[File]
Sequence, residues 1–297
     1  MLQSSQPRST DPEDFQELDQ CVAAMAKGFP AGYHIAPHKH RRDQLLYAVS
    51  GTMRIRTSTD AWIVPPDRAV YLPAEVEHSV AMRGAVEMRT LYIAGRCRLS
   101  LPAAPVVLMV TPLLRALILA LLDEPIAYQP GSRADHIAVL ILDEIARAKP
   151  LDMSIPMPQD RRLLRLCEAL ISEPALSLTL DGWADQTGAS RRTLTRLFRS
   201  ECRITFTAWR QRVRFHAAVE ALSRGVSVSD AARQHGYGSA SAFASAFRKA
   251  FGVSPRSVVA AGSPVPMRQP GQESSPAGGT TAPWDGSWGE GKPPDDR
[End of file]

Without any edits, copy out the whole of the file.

Sequence, residues 1–297
     1  MLQSSQPRST DPEDFQELDQ CVAAMAKGFP AGYHIAPHKH RRDQLLYAVS
    51  GTMRIRTSTD AWIVPPDRAV YLPAEVEHSV AMRGAVEMRT LYIAGRCRLS
   101  LPAAPVVLMV TPLLRALILA LLDEPIAYQP GSRADHIAVL ILDEIARAKP
   151  LDMSIPMPQD RRLLRLCEAL ISEPALSLTL DGWADQTGAS RRTLTRLFRS
   201  ECRITFTAWR QRVRFHAAVE ALSRGVSVSD AARQHGYGSA SAFASAFRKA
   251  FGVSPRSVVA AGSPVPMRQP GQESSPAGGT TAPWDGSWGE GKPPDDR